Current machine categories
Under current gambling laws in Great Britain, gaming machines fall into one of four categories, A, B, C and D and arcades are able to install machines as follows:
- adult gaming centres - an unspecified number of Category B3/B4 machines but which must not exceed 20% of the total number of gaming machines on the premises and as many category C and D machines as they want. (Arcades that were in existence before 13 July 2011 can choose to offer a maximum of four Category B3/B4 machines - the previous limit - or 20% of the total gaming machines, whichever is the higher. They are entitled to this choice indefinitely. Arcades that gained their licence on or after 13 July 2011 but before 1 April 2014 could also make this choice, although since 1 April 2014 they're only entitled to 20% of the total number of gaming machines)
- licensed family entertainment centres - as many category C and D machines as they want, but the category C machines must be in an over-18 area
- unlicensed family entertainment centres - as many category D machines as they want
The maximum stakes and prizes for category B3, B4, C and D machines are:
- B3 - £2 stake, £500 prize
- B4 - £1 stake, £250 prize
- C - £1 stake, £100 prize
- D non-money prize (other than crane grab) - 30 pence stake, £8 prize
- D non-money prize (crane grab) - £1 stake, £50 prize
- D mixed prize of money and non-money (other than coin pusher) - 10 pence stake, £8 prize of which a maximum of £5 can be in cash
- D mixed prize of money and non-money (coin pusher/penny falls) - 20 pence stake, £20 prize of which a maximum of £10 can be in cash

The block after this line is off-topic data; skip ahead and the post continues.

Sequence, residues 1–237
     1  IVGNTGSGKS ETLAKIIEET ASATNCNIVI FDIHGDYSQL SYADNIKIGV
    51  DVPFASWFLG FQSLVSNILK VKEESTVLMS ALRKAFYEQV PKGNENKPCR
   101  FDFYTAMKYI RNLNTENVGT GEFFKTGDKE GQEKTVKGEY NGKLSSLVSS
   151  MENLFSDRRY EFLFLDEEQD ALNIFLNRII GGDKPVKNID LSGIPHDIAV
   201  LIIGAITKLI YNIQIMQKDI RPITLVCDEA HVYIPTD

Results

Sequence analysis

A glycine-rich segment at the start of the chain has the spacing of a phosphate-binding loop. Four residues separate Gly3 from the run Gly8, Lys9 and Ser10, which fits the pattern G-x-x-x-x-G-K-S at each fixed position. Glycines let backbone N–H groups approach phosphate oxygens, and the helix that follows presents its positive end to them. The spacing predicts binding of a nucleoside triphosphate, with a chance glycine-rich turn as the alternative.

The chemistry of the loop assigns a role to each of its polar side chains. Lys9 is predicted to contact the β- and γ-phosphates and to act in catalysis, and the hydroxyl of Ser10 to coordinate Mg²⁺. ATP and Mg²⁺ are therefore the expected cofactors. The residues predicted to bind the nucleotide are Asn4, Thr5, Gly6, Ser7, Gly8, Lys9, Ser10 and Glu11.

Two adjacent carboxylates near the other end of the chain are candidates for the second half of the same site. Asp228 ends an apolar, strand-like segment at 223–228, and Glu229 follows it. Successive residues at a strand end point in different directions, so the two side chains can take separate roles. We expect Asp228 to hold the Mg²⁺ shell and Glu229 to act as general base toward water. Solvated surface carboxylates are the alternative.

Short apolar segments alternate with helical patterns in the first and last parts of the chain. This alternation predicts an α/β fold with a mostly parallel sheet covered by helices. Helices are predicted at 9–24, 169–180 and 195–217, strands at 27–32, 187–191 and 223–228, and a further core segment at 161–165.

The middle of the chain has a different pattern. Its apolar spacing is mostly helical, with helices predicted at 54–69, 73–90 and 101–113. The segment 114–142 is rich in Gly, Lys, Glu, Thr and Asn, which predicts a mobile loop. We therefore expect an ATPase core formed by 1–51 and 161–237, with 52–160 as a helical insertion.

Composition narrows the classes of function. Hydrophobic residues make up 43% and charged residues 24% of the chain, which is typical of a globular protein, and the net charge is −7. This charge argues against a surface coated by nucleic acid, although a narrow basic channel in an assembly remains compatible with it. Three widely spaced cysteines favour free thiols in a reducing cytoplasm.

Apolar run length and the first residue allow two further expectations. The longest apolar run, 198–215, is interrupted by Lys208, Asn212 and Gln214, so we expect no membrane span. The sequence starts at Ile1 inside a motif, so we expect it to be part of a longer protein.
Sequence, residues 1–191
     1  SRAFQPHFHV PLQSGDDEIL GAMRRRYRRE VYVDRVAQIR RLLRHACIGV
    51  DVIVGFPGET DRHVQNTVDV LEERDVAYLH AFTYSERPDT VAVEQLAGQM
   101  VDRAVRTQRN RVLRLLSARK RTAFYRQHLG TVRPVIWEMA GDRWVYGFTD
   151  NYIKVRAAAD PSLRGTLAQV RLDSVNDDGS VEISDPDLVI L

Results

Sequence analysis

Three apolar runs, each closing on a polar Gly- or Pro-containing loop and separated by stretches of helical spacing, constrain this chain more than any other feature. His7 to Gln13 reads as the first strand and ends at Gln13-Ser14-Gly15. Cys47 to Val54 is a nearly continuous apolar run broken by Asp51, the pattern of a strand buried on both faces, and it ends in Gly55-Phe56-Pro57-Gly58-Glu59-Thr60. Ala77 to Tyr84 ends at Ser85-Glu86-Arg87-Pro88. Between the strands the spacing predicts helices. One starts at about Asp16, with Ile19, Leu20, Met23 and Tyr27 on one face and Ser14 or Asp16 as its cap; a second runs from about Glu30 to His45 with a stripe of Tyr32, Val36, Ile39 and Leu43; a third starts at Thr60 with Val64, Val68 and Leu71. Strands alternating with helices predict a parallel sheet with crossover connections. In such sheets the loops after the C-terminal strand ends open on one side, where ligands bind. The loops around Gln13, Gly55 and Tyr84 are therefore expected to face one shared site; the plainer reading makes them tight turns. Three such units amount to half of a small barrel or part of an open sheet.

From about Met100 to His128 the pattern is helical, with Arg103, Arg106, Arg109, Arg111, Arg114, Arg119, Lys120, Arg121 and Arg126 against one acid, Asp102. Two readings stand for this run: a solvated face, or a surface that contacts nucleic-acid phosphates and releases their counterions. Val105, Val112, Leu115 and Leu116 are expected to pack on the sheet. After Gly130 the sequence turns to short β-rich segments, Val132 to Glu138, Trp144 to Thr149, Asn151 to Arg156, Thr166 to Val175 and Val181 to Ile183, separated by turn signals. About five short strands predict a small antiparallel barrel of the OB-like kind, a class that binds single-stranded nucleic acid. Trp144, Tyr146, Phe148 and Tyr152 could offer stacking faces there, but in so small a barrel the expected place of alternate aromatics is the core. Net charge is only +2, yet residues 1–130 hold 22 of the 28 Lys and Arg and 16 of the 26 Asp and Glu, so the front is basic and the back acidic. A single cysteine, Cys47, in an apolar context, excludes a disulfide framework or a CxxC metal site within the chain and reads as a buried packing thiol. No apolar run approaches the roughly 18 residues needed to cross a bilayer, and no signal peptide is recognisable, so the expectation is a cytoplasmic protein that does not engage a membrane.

The most recent regular review of stakes and prizes, published in 2018, recommended reducing the stake for Category B2 machines (casinos and betting shops only) from £100 to £2. This change took effect in April 2019. All other stakes and prizes remained the same after the review.
Old machine categories
Until 1 September 2007 when the Gambling Act 2005 came fully into effect, gaming machines were covered by the Gaming Act 1968. Three types of machine were allowed:
- jackpot machines - only allowed in casinos, bingo halls and clubs
- all cash Amusement-with-Prizes (AWP) machines - allowed in adult environments like arcades and pubs. Children and young people under 18 not allowed to play these machines
- coin or token AWPs - allowed in family arcades, played by any age group
Arcades didn't necessarily have to replace these old legacy machines when the new legislation came into force. If a legacy machine meets certain technical standards then it can remain in operation.
Gaming machines in Northern Ireland
In Northern Ireland, the machine gaming regulatory regime is significantly different to the rest of the UK. Arcades can offer amusement with prizes (AWP) machines with a maximum stake of 30 pence and a maximum prize value of £8, or with a maximum stake of 30 pence and a maximum prize of £25. There are two types of amusement permits available - one that allows an arcade to offer both types of machine and one that allows an arcade to offer only the machines with the lower payout value. There is no restriction on the number of machines. Under 18s must be prevented from using higher value prize machines.
Amusement-only machines like pin-ball machines are not regulated by the Act. Skill with prizes (SWP) machines that have no gaming element and redemption machines where the prize given out is in relation to the skill of the player are also not covered by the Act.
You will probably also want to install a variety of other machines, particularly if you hope to attract families and children. These might include machines like juke boxes, air hockey or kiddie rides. These are not covered by gaming legislation although some - like kiddie rides - will need to be inspected annually under a health and safety scheme like the ADIPS (Amusement Device Inspection Procedures Scheme).
BACTA requires members to abide by a Code of Practice - this gives clear guidance on where the different types of machine should be sited, who can access them and how the area should be supervised. They can also give you advice on the ADIPS which they administer. There's further guidance about the scheme on the BACTA website